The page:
There are various AF performance tweaks that are user adjustable with 70D and 7D-series cameras. A lot of these pertain to AI Servo focus for action/sports.

Your T4i uses a Digic 5 processor. 70D uses a Digic 5+. For comparison, to support high frame rates 7D uses dual Digic 4 and 7D II uses dual Digic 6. The 7D-series also use a discrete chip to run their AF systems (same as 1D-series cameras). Your T4i and the 70D use a single processor for both AF and to handle images.

70D can shoot up to 7 frames per second. 7D, up to 8 fps. 7DII, up to 10 fps. Your T4i can shoot at 5 fps.

Your T4i is rated for up to 30 JPGs or 6 RAW files in a burst (after which, the camera has to pause to clear the buffer). 70D is rated for 65 JPGs, 16 RAWs. For comparison, 7D is rated to 130 JPGs, 25 RAWs (firmware 2.x) and 7DII 1000+ JPGs, 31 RAWs. All these ratings are the respective camera's peak performance, based on the fastest capacity memory cards the camera can fully utilize.

70D has articulated LCD screen, same as your T4i. 7D/7DII do not.

T4i shutter has 1/4000 top speed, 1/200 flash sync. 70D and 7D-series have 1/8000 top, 1/250 sync.

Canon doesn't publicize shutter durability ratings for all cameras, but basically it's safe to assume Rebel series are 75,000, xxD series are typically 100,000. 7D is 150,000 and 7DII is 250,000.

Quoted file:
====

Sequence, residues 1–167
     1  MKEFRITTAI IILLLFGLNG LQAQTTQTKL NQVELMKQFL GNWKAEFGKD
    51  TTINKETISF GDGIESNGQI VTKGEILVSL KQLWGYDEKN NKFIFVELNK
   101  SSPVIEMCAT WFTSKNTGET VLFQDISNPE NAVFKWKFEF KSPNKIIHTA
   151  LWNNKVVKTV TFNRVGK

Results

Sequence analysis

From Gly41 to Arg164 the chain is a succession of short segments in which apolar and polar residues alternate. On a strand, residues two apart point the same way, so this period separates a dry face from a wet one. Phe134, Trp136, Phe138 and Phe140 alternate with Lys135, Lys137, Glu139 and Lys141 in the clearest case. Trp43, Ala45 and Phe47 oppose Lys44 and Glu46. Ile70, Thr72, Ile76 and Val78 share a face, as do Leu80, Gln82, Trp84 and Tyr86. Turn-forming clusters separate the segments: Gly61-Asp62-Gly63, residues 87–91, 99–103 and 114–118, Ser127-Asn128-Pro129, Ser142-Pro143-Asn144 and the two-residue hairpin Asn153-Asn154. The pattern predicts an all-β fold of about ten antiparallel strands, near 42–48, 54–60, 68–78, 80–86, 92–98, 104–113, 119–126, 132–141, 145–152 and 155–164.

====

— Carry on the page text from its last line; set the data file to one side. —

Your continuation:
All in all, there are quite a few differences to consider, even if image quality and high ISO performance aren't all that different.

EDIT: Regarding flash... I don't know why people are afraid to use it. After a pop or two, kids and adults tend to ignore it. Most animals completely ignore it, so long as you aren't too close. IN fact the noise of the flash (the "pop" as it fires and whine as it recycles) often seems to bother animals more than the brief, bright flash of light.

Watch an experienced event shooter at work. They typically don't use bounced flash. They mostly use direct flash, sometimes with some sort of diffuser or modifier.

Bounced flash introduces too many variables and seriously reduces the power of the flash. Often the bounce surface isn't an ideal color and will add ugly color casts to images. When bounced, the light has to travel a lot farther and some of it is absorbed by the bounce surface, wasting a lot of the flash's power, forcing the flash fire more fully and in turn causing slower flash recycling, more rapid battery drain.

It is much more controllable and reliable using direct flash.

But the flash built into many DSLRs pretty much sucks. It's underpowered, drains the camera's battery rapidly... and being close above the lens it's in the worst possible place for redeye and ugly shadow effects.

Much better is an accessory flash. Even the smallest are more powerful than the built-in and they have their own separate power source(s). Put it on flash bracket off to the side and higher up, attached to the camera by an off-camera shoe cord, and that will help eliminate a lot of redeye and shadow problems. But in most cases because it's taller than the built-in, an accessory flash mounted even directly in the hot shoe is an improvement over the built-in flash.

Canon ETTL/ETTL II flash control can be very simple and easy to use, too. Just remember that in any of the camera's auto exposure modes (Tv, Av, P) you'll get FILL FLASH. In these exposure modes, the camera still exposes for ambient light, and the flash is fired at a reduced output, about -1.33 or -1.66 stops.